Golang : When to use public and private identifier(variable) and how to make the identifier public or private?

Tags : golang public exported-identifier private function-declaration

Got a Golang related question by my friend today, who is learning Golang for the first time. Her question is :

When to use public or private identifier(a.k.a variable or function name) and how to make the identifier public or private?

In order to answer this question, first we need to explore Golang's rule of declaring an identifier.

From http://golang.org/ref/spec#identifier :

Identifiers name program entities such as variables and types. An identifier is a sequence of one or more letters and digits. The first character in an identifier must be a letter.

identifier = letter { letter | unicode_digit } .

and from (http://golang.org/ref/spec#Exported_identifiers):

An identifier may be exported to permit access to it from another package. An identifier is exported if both:

  1. the first character of the identifier's name is a Unicode upper case letter (Unicode class "Lu"); and
  2. the identifier is declared in the package block or it is a field name or method name.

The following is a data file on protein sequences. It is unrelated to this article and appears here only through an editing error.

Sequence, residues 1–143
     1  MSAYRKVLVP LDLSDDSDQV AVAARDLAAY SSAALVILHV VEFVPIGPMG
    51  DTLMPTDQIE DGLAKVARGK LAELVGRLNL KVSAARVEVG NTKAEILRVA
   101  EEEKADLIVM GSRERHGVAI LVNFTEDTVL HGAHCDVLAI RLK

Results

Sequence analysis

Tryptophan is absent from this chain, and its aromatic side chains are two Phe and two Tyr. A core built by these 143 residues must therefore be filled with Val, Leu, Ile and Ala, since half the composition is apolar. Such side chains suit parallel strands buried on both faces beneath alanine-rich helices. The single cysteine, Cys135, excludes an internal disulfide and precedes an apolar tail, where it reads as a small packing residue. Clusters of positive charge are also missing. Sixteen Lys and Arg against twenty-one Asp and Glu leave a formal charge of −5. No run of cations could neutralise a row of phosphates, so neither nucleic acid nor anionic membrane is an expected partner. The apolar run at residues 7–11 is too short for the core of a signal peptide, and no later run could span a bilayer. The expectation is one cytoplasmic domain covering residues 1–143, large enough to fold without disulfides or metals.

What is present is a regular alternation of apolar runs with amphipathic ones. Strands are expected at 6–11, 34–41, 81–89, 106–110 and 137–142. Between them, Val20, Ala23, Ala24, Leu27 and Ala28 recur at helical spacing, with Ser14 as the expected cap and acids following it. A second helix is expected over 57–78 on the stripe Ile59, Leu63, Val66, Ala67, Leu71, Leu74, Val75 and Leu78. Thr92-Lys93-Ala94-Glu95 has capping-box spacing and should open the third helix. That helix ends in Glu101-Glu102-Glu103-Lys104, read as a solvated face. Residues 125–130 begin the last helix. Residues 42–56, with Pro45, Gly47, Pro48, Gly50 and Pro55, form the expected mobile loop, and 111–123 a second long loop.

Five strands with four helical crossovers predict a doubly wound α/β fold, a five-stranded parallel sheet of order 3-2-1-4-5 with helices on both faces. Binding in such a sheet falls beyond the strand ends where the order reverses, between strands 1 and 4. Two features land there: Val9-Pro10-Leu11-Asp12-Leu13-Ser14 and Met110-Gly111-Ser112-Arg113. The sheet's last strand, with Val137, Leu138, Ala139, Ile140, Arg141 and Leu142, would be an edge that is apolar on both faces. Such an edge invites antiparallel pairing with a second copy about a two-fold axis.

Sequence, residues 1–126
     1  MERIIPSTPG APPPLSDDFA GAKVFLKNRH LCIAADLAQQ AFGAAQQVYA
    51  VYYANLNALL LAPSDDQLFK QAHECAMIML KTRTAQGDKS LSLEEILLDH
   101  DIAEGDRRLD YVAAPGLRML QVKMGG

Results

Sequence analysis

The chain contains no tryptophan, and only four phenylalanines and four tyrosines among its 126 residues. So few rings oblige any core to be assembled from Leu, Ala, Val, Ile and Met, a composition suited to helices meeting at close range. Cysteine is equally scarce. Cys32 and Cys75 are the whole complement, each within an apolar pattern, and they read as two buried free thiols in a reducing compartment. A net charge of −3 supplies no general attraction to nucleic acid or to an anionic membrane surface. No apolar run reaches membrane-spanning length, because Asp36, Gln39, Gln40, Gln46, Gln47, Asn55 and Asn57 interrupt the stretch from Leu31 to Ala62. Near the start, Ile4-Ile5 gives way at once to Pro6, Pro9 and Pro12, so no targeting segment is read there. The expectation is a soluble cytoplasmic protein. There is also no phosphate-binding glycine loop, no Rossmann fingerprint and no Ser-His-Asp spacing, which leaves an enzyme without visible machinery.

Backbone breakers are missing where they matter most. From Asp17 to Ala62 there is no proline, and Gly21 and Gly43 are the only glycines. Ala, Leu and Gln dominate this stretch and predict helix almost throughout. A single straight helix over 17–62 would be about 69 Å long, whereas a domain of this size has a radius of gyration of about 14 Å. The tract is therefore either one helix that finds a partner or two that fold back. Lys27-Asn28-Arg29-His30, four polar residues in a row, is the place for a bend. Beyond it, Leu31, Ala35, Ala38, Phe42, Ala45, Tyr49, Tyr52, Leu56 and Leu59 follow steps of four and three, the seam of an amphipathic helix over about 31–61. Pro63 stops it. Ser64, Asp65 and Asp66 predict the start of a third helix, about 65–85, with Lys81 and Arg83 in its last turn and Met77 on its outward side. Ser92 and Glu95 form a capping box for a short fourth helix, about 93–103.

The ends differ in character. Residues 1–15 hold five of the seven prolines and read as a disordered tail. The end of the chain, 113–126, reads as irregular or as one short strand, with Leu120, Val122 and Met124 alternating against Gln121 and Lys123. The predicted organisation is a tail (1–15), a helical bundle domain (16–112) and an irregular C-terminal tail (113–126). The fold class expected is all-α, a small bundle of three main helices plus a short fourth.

All other identifiers are not exported.

In other words, Golang definition of exported means public type.

So, when to use public or private identifier?

  • use public(exported) to make that variable/function available from anywhere, other classes and instances of the object.

  • use private to make your variable/function available in its own class only.

and how to make the identifier public or private ?

See examples :

 var aName // private

 var BigBro // public (exported)

 var 123abc // illegal

 func (p *Person) SetEmail(email string) {  // public because SetEmail() function starts with upper case
 p.email = email

 func (p Person) email() string { // private because email() function starts with lower case
 return p.email

if you use Unicode such as Chinese, Korean, Cyrillic or Japanese characters as your identifier - the identifier will be in public mode.

References :



  See also : Golang : Dealing with struct's private part

Tags : golang public exported-identifier private function-declaration

By Adam Ng

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